If your horse resists your hugs, he tells you that this proximity makes him uncomfortable. You’ll need to get to work changing that. A relaxed horse in love will let you hug him all over, scratch him all over, rub the goop out of the corners of his eyes, and comfortably stand up close behind him. My horse especially loves to get his face rubbed with a towel. I take the ends of the towel, press it against his nose, and scrub left and right. As I do, he bobs his head up and down. Its not quite like making out when we were young. It’s much better.

Head Start

Researchers in France9 were interested in whether a foal’s mother would influence his relationship with humans. To test this, 21 mares were softly brushed and fed by hand during the first 5 days of their foals’ lives. In this condition, the foals observed their mother interact with the human for only an hour and 15 minutes. In a control condition, 20 mares with foals were not handled by the experimenter. In neither condition did the experimenter interact with the foals.

Evidently the foals were paying attention to what was going on with mom. Those who observed mom being brushed and hand fed came closer to the experimenter than the others, regardless of age. They initiated more physical contacts with the experimenter, such as sniffing and licking; they showed fewer avoidance and flight responses than the others, and they accepted saddle pads on their backs more quickly and easily. These positive effects lasted for the entire first year of these foals’ lives (the time that measurements were made), and generalized from the experimenter to unfamiliar humans, who could approach and stroke these foals rapidly during a test.

We must realize that the evil that men do lives after them, and the good is often interred with their bones. If a horse is mistreated early in life, it will quite likely become reactive — showing fearfulness and avoidance where other horses remain calm and approach a handler. Reactivity might be desirable in a race horse — we would like them to jump out of the gate in terror, and run for their lives — but reactivity makes a horse difficult and sometimes dangerous to handle and ride.10 Because reactivity can be instilled very early in life, and because it is likely to remain constant over a horse’s life, some consider it a temperament trait.11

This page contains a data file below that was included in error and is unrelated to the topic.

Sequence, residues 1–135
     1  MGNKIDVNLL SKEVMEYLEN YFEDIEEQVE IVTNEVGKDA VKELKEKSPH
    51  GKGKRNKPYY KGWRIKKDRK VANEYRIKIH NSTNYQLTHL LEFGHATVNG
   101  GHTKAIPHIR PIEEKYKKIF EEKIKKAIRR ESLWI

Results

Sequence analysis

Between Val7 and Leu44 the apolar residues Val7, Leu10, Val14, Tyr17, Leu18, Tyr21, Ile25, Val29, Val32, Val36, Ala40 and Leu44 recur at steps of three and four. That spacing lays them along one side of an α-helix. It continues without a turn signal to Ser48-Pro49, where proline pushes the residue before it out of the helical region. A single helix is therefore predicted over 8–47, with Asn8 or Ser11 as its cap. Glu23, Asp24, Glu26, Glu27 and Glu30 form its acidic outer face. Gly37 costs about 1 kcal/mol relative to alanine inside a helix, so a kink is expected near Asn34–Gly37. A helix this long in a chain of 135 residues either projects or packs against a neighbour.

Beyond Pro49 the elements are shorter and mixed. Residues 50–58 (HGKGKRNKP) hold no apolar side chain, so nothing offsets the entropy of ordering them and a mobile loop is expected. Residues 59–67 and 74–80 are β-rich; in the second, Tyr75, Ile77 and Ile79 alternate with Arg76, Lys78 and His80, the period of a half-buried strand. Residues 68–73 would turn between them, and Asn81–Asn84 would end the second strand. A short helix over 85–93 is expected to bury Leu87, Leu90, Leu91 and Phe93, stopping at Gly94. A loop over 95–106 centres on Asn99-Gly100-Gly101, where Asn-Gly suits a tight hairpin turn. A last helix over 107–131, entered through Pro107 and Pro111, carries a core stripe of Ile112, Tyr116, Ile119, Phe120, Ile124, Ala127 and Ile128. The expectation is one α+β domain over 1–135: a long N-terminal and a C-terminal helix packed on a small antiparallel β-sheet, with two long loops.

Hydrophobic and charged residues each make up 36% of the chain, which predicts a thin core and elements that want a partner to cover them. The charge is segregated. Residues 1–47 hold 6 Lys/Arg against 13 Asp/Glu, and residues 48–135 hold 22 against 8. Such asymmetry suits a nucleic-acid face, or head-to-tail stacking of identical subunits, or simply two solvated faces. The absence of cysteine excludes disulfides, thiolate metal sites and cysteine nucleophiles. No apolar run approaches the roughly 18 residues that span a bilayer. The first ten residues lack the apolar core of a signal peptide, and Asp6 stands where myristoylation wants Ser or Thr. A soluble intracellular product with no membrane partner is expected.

Foals are like the young of other species who care for their offspring. Mom teaches little, but through observation of mom, the little ones learn much. You won’t find mama bear at the front of the classroom, but her little ones tagging along in the scenery will study her carefully, and learn many things. Foals are like little bear cubs.

Early handling is much more efficient in building trust between foal and human. For instance, one study showed that foals handled daily from day 2 to day 24 after birth performed a halter-training task better than foals who were handled later in life.


1 image source: Ransom, Jason I., and Brian S. Cade. “Quantifying Equid Behavior–A Research Ethogram for Free-Roaming Feral Horses.” U.S. Geological Survey Techniques and Methods 2-A9, 23 p. (2009)

2 Feh, Claudia. “Relationships and communication in socially natural horse herds.” The domestic horse (2005): 83-93. ; McCort, William D. “Behavior of feral horses and ponies.” Journal of Animal Science 58, no. 2 (1984): 493-499.

3 VanDierendonck, Machteld C., and Berry M. Spruijt. “Coping in groups of domestic horses–Review from a social and neurobiological perspective.” Applied animal behaviour science 138, no. 3 (2012): 194-202.

4 Monard, A.M., Duncan, P., 1996. Consequences of natal dispersal in female horses. Anim. Behav. 52, 565–579.

5 Castleman, Michael. “Kissing.” The International Encyclopedia of Human Sexuality (2015).

6 image source: Ransom, Jason I., and Brian S. Cade. “Quantifying Equid Behavior–A Research Ethogram for Free-Roaming Feral Horses.” U.S. Geological Survey Techniques and Methods 2-A9, 23 p. (2009)

7 Hemsworth, P.H., Brand, A., Wilems, P., 1981. The behavioural response of sows to the presence of human beings and its relation to productivity. Livestock Prod. Sci. 8, 67–74.

8 Hemsworth, P.H., Breuer, K., Barnett, J.L., Coleman, G.J., Matthews, L.R., 1995b. Behavioural response to humans and the productivity of commercial dairy cows. In: Proceedings of the 29th International Congress of the International Society for Applied Ethology, pp. 175–176.

9 Henry, Séverine, D. Hemery, M-A. Richard, and Martine Hausberger. “Human–mare relationships and behaviour of foals toward humans.” Applied Animal Behaviour Science 93, no. 3 (2005): 341-362.

10 Hausberger, M., Roche, H., Henry, S., Visser, E.K., 2008. A review of the human–horse relationship. Appl. Anim. Behav. Sci. 109, 1–24.

11 Lansade, Léa, and Marie-France Bouissou. “Reactivity to humans: A temperament trait of horses which is stable across time and situations.” Applied Animal Behaviour Science 114, no. 3 (2008): 492-508.